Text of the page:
Man’s Best Friend

They say dog is man’s best friend, but they’re wrong. It’s much deeper than that.

If you have known me long enough, you’ll probably have noticed how much I love my dog (some people would say that I’m obsessed…and I wouldn’t argue that). I remember at 9 years old receiving a letter in the mail from one of “Santa’s Elves,” saying that a miniature dachshund was headed my way.

I was pumped. And after narrowing name choices down to Amos and Rex, I decided to go with the latter.

Now, while I didn’t particularly know this at 9 years old, as I grew older I learned that the name Rex is actually Latin for ‘King’.

And that’s exactly what Rex has always been: a king. For 11 years he has been pampered, fed beyond his standards, and comforted at all times (and occasionally dressed like a King).

But to me, Rex has always had one outstanding kinglike quality: fearlessness.

Once he learned how to do one thing, he took it a step further. When he learned to walk up the stairs, he started running up the stairs; then he started jumping on couches; then on kitchen chairs to eat our food when we stepped out of the room for a moment. He has always been fearless.

Then he got kicked out of obedience school.

Yes. Pause a moment to take that statement in.

Rex was kicked out of obedience school.

When we noticed early signs of aggression, my parents thought it was best to take him to an obedience school once a week, hopefully to try and tame him. While every dog was busy learning how to sit, stay, and roll over, Rex was chasing the other dogs. Constantly. And biting them.

That’s my boy.

And my favorite story–though probably the darkest—was when we returned from Disney for a family vacation. Rex was about 3 years old, and had just spent the week in the kennel. Needless to stay, he was ticked.

We went to pick him up, and you could tell he was still shaken up from his concentration camp-like experience. He had lost weight and seemed very tentative towards us. So we arrive at home and put Rex down, and start unloading the car.

The second my dad puts him down, our 80-year old neighbor just happens to walk out of his house at that exact moment to get the mail. Rex, seeing an opportunity, just takes off towards him. He literally ran a 40 yard dash in 3.5 seconds. It was incredible.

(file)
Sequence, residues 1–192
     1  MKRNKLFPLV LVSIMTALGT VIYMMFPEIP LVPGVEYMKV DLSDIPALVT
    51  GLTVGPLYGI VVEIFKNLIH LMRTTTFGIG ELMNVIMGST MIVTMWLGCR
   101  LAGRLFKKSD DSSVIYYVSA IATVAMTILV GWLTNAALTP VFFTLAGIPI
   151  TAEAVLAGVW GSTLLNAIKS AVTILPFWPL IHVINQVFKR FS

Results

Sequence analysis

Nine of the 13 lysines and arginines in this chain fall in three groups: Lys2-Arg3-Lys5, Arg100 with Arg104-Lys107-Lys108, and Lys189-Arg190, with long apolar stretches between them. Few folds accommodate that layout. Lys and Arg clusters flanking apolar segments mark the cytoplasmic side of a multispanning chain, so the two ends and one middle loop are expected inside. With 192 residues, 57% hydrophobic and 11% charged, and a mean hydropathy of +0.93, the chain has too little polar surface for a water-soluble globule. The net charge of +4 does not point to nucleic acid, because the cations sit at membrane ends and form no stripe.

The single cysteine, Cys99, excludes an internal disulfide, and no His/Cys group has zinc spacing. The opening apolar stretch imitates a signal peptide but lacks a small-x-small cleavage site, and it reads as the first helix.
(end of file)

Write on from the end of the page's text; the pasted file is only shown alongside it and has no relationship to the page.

The next 15 seconds were a blur. All I remember is an elderly man laying on the driveway, a pool of blood, and a now-content Rex skipping his way back to our house.

Fear. Less.

Over the past 11 years, I have seen this fearless dog almost every single day, not afraid to attack when you get near his food, not afraid to snarl at you when you irritate him, and apparently not afraid to maul an 80-year old man to get revenge on us. Yes, Rex has always been daring, courageous, fearless.

That is until a few days ago.

I was on the couch finishing up some homework, when I heard two paws hit the stairs and stop. Rex has quickly gotten older, so he now takes his time to make his way up and down stairs. To my surprise, however, I looked over and saw this:


He was stuck. And not only was he trapped on the stairs, he kept looking at me with this look of “Help.” Not a look I was used to with Rex.

After a few moments of attempting to build confidence to descend the steps, he gave up and just stared at me. So I came over, picked him up, and placed him at the bottom of the stairs.

Honestly, when this happened, I laughed. Rex has probably made me laugh more than most people have, and sadly that usually comes at his expense. But now that I look back, this was probably one of the saddest moments I’ve had in a long time, and definitely the saddest I have ever experienced with Rex.

It was the first time in my life that I have been forced to accept the fact that he isn’t the same dog he was 11 years ago: the little puppy that would lay with me all day when I was home with the flu; the easily-excited dog who would prance across the yard to see me when I got home after a long day at school; the comforting dog who licked my face and tears on days where I felt like nobody loved me.

But he was now—for a lack of better terms—a shell of himself. Something I have for so long had trouble accepting.

For the first time since getting him on my 9th Christmas, I realized he was no longer fearless.

As I write this, it saddens me to see old age and health issues begin to swarm him. He has gone from a carefree puppy to a dog trapped in fear, trembling every time he senses we’re about to leave and noticeably tensing up when a flight of stairs stands in his way. When he lies on the couch or on the floor throughout the day, he has a constant look of worry that we’re going to leave him. It is honestly hard to put into writing what fear and anxiety has done to him.

But at the end of the day, he’s a dog. A DOG. He doesn’t have a soul; he doesn’t have the opportunity to accept Jesus as his savior and witness to all the pets around the block. And he doesn’t realize why he’s living in fear; he just fears.

You and I are a lot different from Rex. We have fears, but we know why we have them. We have anxieties, but we know what causes them. We have worries, but we have the opportunity to decide if they are going to control us or not. Rex does not.

Don’t let fear define you. You have the decision to wake up and decide if fear will rule your day, if little worries will rob you of joy. YOU can make that decision. I pray that in your life today, whatever fear or apprehensions are holding you back, you will let go and allow God to invade those spaces with Himself.

I pray that when you come across a flight of stairs, you won’t get stuck; you’ll just go.


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